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What makes a learner-friendly school?

April 22, 2008


Hello again,

The title might seem like a strange question: after all, English language schools exist for their learners. But the point is that learners...


... are quite vulnerable and, in a sense, the school is a power structure. I feel therefore that each school needs to reflect on how it treats all its learners and to take measures to ensure that it provides an environment that can nurture students and help them realize their full potential. I have adapted the UN’s checklist for child-friendly schools as the basis of this item as it covers the key issues in being learner-centric.

A learner-friendly school will:
• Reflect and realize the rights of every student by promoting and monitoring the well-being and rights of all learners, and providing a safe and secure environment.

• See and understand the whole person in a broad context. This means understanding their needs in the round, not just their educational needs. The issues might include health, nutrition, cultural and religious needs as well as an awareness of how their learning will impact on their future lives.

• Be learner-centred and encourage participation, creativity, self-esteem, and psycho-social well-being; promoting a structured, curriculum and teaching-learning methods appropriate to the student’s developmental level, abilities, and learning style.

• Be gender-sensitive by reducing to constraints to gender equity and eliminating gender stereotypes.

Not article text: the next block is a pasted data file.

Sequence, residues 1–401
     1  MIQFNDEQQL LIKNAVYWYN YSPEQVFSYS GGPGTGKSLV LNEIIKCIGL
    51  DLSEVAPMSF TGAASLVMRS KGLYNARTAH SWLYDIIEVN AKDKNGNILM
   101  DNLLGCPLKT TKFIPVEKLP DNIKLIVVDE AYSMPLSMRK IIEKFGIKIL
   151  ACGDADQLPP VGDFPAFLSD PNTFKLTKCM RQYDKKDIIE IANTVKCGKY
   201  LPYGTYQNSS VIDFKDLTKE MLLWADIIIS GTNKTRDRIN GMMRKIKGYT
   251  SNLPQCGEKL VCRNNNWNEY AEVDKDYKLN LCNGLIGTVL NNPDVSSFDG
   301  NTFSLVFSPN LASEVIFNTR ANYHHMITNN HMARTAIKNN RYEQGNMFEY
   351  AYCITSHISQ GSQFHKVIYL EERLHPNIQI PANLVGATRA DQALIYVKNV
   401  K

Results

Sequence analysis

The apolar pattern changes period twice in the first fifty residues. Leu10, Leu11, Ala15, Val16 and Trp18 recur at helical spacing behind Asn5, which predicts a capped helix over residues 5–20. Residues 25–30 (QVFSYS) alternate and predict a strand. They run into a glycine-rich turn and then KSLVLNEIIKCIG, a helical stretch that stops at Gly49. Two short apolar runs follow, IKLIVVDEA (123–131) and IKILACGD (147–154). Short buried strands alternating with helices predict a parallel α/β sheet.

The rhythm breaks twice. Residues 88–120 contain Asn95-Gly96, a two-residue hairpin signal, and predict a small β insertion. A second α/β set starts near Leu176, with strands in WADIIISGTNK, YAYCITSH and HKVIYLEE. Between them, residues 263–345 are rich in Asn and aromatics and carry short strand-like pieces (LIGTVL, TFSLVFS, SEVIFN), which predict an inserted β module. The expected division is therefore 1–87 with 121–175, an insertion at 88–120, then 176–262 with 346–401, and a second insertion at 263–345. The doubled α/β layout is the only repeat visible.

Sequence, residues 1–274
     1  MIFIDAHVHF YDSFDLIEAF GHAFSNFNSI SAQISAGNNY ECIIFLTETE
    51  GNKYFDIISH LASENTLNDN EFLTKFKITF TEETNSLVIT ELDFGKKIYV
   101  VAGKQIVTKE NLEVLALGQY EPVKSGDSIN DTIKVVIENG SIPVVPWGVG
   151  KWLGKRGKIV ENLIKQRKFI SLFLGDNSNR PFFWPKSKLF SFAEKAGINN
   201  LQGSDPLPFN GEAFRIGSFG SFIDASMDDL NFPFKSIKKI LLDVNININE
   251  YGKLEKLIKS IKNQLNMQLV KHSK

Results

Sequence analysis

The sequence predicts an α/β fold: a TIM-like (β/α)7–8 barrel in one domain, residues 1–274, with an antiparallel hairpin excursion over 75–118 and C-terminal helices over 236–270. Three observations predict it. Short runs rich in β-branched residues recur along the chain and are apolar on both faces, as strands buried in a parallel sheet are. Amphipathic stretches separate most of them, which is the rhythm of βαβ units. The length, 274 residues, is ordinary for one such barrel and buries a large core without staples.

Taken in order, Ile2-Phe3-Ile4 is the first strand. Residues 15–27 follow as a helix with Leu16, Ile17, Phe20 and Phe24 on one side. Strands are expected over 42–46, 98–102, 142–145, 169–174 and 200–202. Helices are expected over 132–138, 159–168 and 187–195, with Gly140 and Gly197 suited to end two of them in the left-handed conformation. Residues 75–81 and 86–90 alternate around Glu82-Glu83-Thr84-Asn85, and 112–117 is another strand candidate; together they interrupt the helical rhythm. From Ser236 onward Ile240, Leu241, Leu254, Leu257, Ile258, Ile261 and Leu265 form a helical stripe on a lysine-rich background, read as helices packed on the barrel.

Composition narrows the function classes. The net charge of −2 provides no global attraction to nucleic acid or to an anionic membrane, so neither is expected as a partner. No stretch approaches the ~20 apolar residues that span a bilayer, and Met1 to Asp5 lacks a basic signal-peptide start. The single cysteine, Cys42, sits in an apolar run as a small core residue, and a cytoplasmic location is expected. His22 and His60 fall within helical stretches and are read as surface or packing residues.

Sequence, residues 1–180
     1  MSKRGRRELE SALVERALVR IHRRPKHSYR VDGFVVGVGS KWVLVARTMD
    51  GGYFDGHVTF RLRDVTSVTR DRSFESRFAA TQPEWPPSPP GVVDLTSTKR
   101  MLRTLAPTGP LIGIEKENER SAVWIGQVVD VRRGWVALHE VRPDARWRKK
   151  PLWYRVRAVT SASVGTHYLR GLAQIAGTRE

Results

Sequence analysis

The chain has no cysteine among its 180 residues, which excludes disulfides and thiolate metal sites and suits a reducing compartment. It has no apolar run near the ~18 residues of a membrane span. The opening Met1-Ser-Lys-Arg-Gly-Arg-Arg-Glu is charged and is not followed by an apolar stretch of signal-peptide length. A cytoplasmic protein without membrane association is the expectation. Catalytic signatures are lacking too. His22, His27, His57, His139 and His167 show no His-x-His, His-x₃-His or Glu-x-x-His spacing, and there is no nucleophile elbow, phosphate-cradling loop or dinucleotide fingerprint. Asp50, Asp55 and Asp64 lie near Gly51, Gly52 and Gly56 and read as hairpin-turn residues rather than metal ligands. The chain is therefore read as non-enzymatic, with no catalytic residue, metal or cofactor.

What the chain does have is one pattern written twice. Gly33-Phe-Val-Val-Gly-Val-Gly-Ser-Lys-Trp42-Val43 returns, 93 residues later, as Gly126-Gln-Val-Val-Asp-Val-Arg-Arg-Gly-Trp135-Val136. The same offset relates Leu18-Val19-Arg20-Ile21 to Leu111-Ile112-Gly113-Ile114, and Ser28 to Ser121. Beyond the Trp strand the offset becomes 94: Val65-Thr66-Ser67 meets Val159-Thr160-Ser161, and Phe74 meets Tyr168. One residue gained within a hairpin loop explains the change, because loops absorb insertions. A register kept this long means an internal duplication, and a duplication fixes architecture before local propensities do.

• Promote quality outcomes by encouraging students to think critically, ask questions, express their opinions, and learn how to learn.

• Provide education based on the reality of students’ lives by ensuring that curricular content responds to the learning needs of individuals as well as to the general objectives of their education system and their personal situation (e.g., by providing certificates and documentation that might be needed by employers or other educational organizations).

• Be flexible and respond to diversity by meeting different circumstances and needs of learners (e.g., as determined by gender, culture, social class, current situation).

• Act to ensure inclusion, respect, and equality of opportunity for all learners by not stereotyping, excluding, or discriminating.

• Promote mental and physical health by providing emotional support , encouraging healthy behaviour and practices, and providing a supportive environment.

• Provide accessible education at a fair price, making some provision for those who do not have the financial resources to attend full-fee courses (e.g., by offering scholarships, part-time classes).

• Enhance teacher capacity, morale, commitment, and status by ensuring that its teachers have sufficient pre-service training, in-service support and professional development, status, and income.

I think this type of approach is a way of reconciling the sometimes opposing imperatives of the commercial and the educational. Yes, schools are commercial enterprises, but they deal with human beings and they need a philosophy that underpins their activities ethically and morally. In future post I will discuss some of the individual points in greater detail.

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